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Confusion: the Door to Deeper Wisdom
By Karen Wright
I've been giving some thought to the role of confusion in our lives. Like other emotions and mental states that don't feel productive, most of us would like to banish it from existence. But, if we look just a little closer, we might be able to see the silver lining. I woke from sleep a few nights ago with all these thoughts pouring from my barely conscious mind. So, because this has happened before, I grabbed the pad and pen that always sit by my bed and began to write. It was still dark out, but I have a pen that glows in the dark, so I didn't have to turn on the lights. Somehow all that brightness has a way of erasing dreams.
What I heard in my sleep was that confusion is a place where we have greater access to wisdom. When we stop thinking habitual thoughts, it's like we open a door. Thought actually blocks wisdom. When our brains can't figure something out they go a little nuts. You might relate? After all, that's what a brain is for... to figure things out. When it can't, we sort of stall. If we don't fight to get out of that stall, we can transition from one mode of knowing to another. From intellectual logic to deeper wisdom.
I also heard that wisdom isn't just a more advanced and elevated thought form. Wisdom is a place of no thinking - no mind. For anyone who finds peace in meditating, you have undoubtedly experienced this. Every meditation advice I've ever heard encourages you to NOT think, but to let thoughts simply come and go like clouds passing by. It's the non-thinking place that meditation aims for. In that non-thinking place, we connect with spirit.
From the time we first understood what thought was, we've been taught that thinking was the king of skills and education is supreme. What we forget is that education is derived from the Latin word educere which is the basis of the English word educe. To educate means to draw out - to bring forth. So, rather than an education system that tries to fill our students up, does this mean that we should instead be drawing forth wisdom from them? Well, let's not go there right now. Suffice it to say that thinking has become accepted as the bright person's way to the good life.
And thinking certainly does have its place. But, it's not our only tool. It would be like a carpenter having only a hammer. That's fine for some jobs, but not for everything. We've never been taught that we have any other faculties at our disposal than just thinking. Sometimes we need to put thought away and let non-thought educe the wisdom we already have within us.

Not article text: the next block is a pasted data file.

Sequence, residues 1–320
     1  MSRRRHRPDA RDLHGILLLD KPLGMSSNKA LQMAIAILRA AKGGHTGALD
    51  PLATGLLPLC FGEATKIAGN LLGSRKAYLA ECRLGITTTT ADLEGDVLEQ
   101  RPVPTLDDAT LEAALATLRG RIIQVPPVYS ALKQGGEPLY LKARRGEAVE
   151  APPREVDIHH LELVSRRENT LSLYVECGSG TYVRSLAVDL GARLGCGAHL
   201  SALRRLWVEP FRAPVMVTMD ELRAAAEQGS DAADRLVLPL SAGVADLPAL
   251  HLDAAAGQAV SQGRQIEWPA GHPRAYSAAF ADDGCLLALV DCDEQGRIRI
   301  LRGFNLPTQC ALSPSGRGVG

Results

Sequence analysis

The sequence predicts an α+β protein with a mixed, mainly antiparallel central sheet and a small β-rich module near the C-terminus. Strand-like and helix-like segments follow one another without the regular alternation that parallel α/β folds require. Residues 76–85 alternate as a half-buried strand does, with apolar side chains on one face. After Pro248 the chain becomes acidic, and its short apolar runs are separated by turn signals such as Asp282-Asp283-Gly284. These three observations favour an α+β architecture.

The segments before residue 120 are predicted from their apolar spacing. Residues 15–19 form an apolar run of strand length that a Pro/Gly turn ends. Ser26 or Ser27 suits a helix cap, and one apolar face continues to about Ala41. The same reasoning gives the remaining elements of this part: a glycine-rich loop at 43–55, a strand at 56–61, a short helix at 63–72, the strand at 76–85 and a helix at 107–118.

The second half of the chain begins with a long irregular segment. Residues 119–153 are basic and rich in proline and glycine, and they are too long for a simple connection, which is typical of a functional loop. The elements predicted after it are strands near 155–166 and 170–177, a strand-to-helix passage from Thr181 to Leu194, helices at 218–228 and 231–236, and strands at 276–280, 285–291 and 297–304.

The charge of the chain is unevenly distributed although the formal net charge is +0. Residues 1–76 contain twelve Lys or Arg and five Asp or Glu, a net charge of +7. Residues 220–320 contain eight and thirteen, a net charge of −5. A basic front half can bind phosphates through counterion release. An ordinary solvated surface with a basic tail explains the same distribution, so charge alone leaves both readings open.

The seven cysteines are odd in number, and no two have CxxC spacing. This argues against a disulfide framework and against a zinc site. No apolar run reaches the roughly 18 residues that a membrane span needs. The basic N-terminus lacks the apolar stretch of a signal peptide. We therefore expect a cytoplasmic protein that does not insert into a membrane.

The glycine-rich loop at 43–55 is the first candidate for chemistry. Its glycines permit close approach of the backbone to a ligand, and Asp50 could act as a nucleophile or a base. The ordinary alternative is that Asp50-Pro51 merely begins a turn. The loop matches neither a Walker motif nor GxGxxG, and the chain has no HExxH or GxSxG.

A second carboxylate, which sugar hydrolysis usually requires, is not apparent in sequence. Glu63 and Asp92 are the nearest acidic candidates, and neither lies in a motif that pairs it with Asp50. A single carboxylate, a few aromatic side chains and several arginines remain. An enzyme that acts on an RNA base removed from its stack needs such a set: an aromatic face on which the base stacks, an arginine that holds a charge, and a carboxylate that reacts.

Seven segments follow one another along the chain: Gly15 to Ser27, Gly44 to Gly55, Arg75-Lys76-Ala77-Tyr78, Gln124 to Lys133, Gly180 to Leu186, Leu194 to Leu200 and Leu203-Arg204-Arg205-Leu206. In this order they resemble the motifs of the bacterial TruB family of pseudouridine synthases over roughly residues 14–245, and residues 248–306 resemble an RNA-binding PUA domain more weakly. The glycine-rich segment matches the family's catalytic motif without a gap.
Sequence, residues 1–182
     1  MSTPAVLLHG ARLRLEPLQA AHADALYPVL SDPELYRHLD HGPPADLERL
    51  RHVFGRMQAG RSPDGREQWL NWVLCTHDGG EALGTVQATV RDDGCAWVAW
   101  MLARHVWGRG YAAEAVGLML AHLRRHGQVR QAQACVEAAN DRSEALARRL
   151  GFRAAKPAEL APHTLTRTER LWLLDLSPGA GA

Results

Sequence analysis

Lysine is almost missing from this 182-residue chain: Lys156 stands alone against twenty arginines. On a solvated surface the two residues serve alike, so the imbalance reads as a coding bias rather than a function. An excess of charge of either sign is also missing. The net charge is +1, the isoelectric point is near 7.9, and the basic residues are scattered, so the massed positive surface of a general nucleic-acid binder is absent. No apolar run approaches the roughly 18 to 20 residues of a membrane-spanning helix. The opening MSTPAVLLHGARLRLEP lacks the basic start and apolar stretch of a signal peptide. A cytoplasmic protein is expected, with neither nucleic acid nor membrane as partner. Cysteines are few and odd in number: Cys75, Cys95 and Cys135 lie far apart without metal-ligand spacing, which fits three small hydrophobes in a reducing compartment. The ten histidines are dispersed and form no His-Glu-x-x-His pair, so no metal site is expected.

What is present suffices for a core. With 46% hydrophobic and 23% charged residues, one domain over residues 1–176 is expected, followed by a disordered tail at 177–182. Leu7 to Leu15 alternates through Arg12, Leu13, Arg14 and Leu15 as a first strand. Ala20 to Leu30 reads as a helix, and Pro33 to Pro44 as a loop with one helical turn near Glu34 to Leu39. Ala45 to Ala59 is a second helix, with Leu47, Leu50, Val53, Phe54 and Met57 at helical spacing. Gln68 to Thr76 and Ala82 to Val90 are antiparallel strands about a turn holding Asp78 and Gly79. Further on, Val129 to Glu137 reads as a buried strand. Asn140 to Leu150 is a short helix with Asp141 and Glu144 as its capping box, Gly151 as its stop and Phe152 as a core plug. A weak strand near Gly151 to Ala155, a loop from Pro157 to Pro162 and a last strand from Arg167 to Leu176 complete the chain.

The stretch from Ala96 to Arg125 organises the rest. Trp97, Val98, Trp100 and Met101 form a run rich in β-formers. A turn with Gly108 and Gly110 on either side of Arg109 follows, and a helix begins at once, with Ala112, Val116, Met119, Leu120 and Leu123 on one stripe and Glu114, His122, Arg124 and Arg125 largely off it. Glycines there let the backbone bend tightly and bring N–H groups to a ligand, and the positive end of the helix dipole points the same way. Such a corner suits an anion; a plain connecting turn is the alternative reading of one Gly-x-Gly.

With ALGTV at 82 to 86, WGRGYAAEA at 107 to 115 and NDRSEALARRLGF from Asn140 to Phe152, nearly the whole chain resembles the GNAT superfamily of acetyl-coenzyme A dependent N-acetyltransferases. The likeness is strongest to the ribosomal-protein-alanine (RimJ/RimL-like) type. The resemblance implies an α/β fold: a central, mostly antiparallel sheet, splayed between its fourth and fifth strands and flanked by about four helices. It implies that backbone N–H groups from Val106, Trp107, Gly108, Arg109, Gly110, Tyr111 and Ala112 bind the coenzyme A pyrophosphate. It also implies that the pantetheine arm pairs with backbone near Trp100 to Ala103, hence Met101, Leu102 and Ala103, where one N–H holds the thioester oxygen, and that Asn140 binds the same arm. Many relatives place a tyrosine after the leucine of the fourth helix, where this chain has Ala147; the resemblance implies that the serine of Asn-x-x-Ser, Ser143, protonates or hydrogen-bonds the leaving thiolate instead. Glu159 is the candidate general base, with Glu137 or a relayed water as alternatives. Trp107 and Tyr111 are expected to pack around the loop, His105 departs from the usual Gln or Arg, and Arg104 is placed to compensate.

We do this all the time, unthinkingly (pun totally intended!). When we daydream or our thoughts drift, we often return to a deeper sense of knowing by default. Like a bubble rising from the depths of the pond, wisdom surfaces in the moment of confusion to reveal an answer or insight that no amount of thinking could ever reach. Remember times when you tried really hard to recall something, but couldn't? And then hours later or in the middle of the night, when you weren't thinking of it at all, the memory resurfaced.
Like any unused muscle, learning how to not-think is going to take some time and practice to build to strength. Especially since when you find yourself not thinking, the first thing you do is think, "Hey, I'm not thinking!" Which is, of course, a thought! One way to develop your non-thought muscle is to experience the emotion of satisfaction without putting words to it. Look out at a beautiful sunset that just takes your breath away. Notice that it also, for just a moment, takes your words away too. That's the moment of non-thought. It's a feeling. A deep connection that no words could ever explain.
So, unlike your school teachers' advice, I'd recommend that in the coming days you practice the art of non-thought. Notice when you do, but don't comment on it... not even to yourself. Become more aware of the incessant dialog you have going on in your mind and stop feeding it more words. Are you a person who is compelled to verbalize every thought you have and every experience you're in? Do you stand before that majestic sunset and say, "What a beautiful sunset!" even if no one else is there? This is the first place to start. Break your addiction to words. Just let yourself feel the sunset, not comment on it.
Notice this week when you're feeling confused. Instead of struggling to find an answer to the confusion, stop and let it be. Know that in the fog of confusion, a path to a deeper knowing is opening up. Anticipate it and be expectant. Feel the freedom that not knowing allows you. Breathe and feel... don't think. It's at times like these that thinking will kill your inner wisdom. Welcome confusion. It's where we let go of our little restrictive view of life. And it's the only place where we can discover the truth beyond the circumstances.